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The Gentleman's Guide to Vice and Virtue | Mackenzi Lee | Review


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Henry “Monty” Montague was born and bred to be a gentleman, but he was never one to be tamed. The finest boarding schools in England and the constant disapproval of his father haven’t been able to curb any of his roguish passions—not for gambling halls, late nights spent with a bottle of spirits, or waking up in the arms of women or men. 
But as Monty embarks on his Grand Tour of Europe, his quest for a life filled with pleasure and vice is in danger of coming to an end. Not only does his father expect him to take over the family’s estate upon his return, but Monty is also nursing an impossible crush on his best friend and travelling companion, Percy. 
Still it isn’t in Monty’s nature to give up. Even with his younger sister, Felicity, in tow, he vows to make this yearlong escapade one last hedonistic hurrah and flirt with Percy from Paris to Rome. But when one of Monty’s reckless decisions turns their trip abroad into a harrowing manhunt that spans across Europe, it calls into question everything he knows, including his relationship with the boy he adores. - Goodreads

The Gentleman's Guide to Vice and Virtue, by Mackenzi Lee was seriously one of my favourite books of the year so far (and probably still will be come the end of 2017). It was such a fun read and I found myself wanting to re-read it as soon as I put it down.

Monty, Percy and Felicity are headed off around Europe for what we might call their big O.E. (overseas experience), or their gap year, and while it seems like a jolly idea, things don't go they way Monty planned.

“We are not broken things, neither of us. We are cracked pottery mended with laquer and flakes of gold, whole as we are, complete unto each other. Complete and worthy and so very loved.” 

Monty longs for their year-long trip to be one of bonding and exciting adventures around the Continent before Percy is shipped off to college in another country, and Monty has to start being in charge of the family estate. Felicity is meant to be stopping her trip when they get to Paris so she can begin life as a proper young lady, but all she wants to do is go to university and become a woman of medicine.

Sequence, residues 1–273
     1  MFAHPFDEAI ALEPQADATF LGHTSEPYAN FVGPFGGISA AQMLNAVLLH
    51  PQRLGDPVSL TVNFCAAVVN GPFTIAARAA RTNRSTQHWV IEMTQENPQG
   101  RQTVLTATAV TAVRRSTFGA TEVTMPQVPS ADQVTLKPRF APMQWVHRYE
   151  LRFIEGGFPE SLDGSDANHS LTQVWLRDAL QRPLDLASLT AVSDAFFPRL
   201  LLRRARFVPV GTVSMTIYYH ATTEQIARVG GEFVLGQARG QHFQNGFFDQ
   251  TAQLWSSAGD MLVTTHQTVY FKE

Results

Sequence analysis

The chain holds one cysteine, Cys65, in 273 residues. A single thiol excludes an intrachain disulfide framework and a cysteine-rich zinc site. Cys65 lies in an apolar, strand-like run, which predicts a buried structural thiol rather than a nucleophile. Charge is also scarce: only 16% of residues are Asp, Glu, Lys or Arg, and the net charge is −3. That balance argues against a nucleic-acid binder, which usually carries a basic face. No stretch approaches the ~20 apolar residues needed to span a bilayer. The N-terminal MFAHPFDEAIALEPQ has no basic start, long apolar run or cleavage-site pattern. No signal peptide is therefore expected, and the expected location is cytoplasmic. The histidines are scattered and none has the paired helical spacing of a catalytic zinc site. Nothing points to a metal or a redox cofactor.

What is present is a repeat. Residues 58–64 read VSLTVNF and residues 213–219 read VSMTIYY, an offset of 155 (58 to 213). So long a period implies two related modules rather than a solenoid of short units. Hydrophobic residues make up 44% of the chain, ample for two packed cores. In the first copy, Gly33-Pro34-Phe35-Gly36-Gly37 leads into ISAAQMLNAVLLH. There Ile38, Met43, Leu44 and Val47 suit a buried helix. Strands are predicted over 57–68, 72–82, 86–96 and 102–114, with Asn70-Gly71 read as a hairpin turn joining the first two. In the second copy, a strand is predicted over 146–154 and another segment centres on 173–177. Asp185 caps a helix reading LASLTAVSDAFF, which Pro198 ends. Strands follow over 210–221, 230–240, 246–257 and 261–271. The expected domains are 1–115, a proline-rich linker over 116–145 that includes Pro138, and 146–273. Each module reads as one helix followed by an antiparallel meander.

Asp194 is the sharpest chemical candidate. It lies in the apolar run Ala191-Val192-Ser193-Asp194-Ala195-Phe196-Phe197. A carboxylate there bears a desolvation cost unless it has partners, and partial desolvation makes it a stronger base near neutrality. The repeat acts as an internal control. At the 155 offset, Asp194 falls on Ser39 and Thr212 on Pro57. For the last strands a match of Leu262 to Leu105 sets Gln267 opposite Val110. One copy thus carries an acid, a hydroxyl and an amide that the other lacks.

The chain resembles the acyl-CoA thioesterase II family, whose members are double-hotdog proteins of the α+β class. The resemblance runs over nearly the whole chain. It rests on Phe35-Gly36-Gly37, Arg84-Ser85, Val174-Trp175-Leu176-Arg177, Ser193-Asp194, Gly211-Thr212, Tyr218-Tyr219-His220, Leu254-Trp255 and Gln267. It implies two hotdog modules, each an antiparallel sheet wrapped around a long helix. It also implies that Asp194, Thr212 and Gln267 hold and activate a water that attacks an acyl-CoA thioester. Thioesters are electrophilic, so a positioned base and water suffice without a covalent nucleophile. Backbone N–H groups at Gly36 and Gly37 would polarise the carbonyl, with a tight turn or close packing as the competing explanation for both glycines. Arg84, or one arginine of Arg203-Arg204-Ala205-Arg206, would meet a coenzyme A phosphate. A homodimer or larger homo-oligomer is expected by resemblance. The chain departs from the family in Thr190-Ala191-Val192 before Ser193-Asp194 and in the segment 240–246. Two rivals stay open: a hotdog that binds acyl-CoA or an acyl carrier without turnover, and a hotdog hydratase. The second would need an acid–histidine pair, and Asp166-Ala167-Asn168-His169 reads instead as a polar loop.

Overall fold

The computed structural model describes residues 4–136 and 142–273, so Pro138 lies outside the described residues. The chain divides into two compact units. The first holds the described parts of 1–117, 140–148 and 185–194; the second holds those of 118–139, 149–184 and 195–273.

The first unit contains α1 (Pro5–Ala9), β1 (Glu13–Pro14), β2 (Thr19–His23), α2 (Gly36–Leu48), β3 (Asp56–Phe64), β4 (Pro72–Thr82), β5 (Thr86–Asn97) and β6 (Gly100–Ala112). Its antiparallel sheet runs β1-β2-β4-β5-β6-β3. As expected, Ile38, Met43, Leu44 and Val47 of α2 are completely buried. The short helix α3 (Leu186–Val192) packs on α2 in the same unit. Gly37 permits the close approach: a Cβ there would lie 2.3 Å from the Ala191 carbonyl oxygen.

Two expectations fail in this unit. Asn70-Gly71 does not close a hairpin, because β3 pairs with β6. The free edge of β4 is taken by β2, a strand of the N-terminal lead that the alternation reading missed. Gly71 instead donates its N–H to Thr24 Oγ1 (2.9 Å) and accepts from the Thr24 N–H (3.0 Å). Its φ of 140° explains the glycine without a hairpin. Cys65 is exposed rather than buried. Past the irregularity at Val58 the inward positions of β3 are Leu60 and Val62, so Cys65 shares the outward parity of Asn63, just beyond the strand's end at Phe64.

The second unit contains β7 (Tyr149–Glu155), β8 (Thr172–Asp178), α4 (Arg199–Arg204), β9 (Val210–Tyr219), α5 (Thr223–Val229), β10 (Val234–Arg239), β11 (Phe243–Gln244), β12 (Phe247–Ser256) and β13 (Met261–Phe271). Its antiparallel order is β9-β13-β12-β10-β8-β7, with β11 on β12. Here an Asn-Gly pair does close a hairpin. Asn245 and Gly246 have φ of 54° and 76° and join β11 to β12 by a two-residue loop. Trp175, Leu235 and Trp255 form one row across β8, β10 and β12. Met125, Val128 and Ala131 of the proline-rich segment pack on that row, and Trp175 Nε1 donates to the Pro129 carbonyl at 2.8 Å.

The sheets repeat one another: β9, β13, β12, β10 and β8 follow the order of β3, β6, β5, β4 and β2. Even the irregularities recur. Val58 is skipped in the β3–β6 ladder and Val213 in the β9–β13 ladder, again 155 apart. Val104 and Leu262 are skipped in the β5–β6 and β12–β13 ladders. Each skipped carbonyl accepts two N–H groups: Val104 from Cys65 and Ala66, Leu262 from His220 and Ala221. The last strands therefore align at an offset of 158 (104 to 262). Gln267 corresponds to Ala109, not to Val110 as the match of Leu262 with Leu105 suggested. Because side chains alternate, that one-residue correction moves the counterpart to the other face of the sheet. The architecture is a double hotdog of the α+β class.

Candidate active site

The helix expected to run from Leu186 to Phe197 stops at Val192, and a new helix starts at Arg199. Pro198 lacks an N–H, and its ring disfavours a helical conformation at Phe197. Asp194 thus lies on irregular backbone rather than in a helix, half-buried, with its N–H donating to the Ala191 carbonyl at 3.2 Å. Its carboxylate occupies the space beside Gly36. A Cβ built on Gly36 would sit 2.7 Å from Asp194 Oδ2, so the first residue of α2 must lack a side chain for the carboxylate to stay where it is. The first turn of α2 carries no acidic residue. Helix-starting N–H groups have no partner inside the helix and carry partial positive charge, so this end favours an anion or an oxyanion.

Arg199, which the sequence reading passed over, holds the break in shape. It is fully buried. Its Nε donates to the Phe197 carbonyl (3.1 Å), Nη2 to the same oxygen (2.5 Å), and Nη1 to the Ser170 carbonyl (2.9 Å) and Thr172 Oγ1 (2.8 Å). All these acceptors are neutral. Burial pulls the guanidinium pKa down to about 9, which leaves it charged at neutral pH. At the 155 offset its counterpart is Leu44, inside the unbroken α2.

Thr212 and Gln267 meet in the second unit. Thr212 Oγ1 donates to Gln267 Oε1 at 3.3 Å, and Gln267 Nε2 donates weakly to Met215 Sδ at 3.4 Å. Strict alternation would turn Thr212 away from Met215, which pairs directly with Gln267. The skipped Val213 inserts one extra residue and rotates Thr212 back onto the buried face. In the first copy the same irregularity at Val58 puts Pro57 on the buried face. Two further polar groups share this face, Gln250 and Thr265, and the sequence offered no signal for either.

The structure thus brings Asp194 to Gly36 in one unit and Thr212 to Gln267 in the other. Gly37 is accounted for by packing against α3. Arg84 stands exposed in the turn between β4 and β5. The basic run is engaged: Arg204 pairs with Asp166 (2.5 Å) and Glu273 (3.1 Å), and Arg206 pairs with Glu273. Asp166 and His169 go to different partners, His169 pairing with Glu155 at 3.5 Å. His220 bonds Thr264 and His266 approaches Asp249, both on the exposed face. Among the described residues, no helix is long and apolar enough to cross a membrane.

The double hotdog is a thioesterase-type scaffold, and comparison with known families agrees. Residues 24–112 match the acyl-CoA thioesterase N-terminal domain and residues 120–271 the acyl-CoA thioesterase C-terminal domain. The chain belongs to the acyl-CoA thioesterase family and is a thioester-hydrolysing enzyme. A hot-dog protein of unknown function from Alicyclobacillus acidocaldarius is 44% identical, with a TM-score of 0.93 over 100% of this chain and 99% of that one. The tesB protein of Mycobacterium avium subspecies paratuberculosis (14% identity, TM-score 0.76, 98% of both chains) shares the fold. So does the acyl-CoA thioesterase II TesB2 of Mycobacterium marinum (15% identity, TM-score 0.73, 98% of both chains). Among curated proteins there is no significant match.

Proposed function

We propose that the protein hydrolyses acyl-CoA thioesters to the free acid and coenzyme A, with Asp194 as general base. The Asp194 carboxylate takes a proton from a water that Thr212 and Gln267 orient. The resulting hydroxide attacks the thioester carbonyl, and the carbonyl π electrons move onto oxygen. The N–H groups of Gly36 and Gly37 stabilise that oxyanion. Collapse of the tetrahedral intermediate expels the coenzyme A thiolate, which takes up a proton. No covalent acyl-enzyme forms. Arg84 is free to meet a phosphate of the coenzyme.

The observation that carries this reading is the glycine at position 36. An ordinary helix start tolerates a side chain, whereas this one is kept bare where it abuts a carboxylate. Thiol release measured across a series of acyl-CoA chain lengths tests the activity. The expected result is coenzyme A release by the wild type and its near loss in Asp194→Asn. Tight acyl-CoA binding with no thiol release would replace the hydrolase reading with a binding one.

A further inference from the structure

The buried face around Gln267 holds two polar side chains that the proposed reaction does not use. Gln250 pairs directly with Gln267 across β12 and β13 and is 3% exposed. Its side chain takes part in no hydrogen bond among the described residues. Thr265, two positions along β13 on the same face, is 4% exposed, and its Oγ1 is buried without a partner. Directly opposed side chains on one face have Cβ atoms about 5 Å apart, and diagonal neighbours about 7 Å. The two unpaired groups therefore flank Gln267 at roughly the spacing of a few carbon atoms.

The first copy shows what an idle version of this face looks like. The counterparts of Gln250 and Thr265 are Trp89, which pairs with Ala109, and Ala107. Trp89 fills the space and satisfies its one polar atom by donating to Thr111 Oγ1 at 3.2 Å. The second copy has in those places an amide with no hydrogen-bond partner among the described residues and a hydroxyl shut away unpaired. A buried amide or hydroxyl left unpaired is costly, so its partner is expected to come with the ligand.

When Monty does something rash (which actually happens on most pages of the book), the trio find themselves on a wild goose chase around Europe with a stolen artefact, meeting strange people, searching for miraculous cures, being attacked by highwaymen and joining a crew of pirates.

'That can't possibly happen all in one book' you say. Well, my friends. It can. We follow book-nerd Felicity as she overcomes womanly stereotypes, Percy as he deals with issues and bouts of discrimination over his race, and Monty has he falls more and more hopelessly in love with his best friend.

Beautifully written, The Gentleman's Guide to Vice and Virtue is a tale of friendship, of loyalty, of love, of family, of adventures to be had, and fights to be fought. It's 18th century Europe, it's pirates and highwaymen, it's upper class pomp and prestige, it's hilarious and witty, alarming and exciting, and beautiful and sweet all rolled into one.

As you can tell, I really loved this book, and I recommended picking it up if you're into your YA novels (period, or otherwise).

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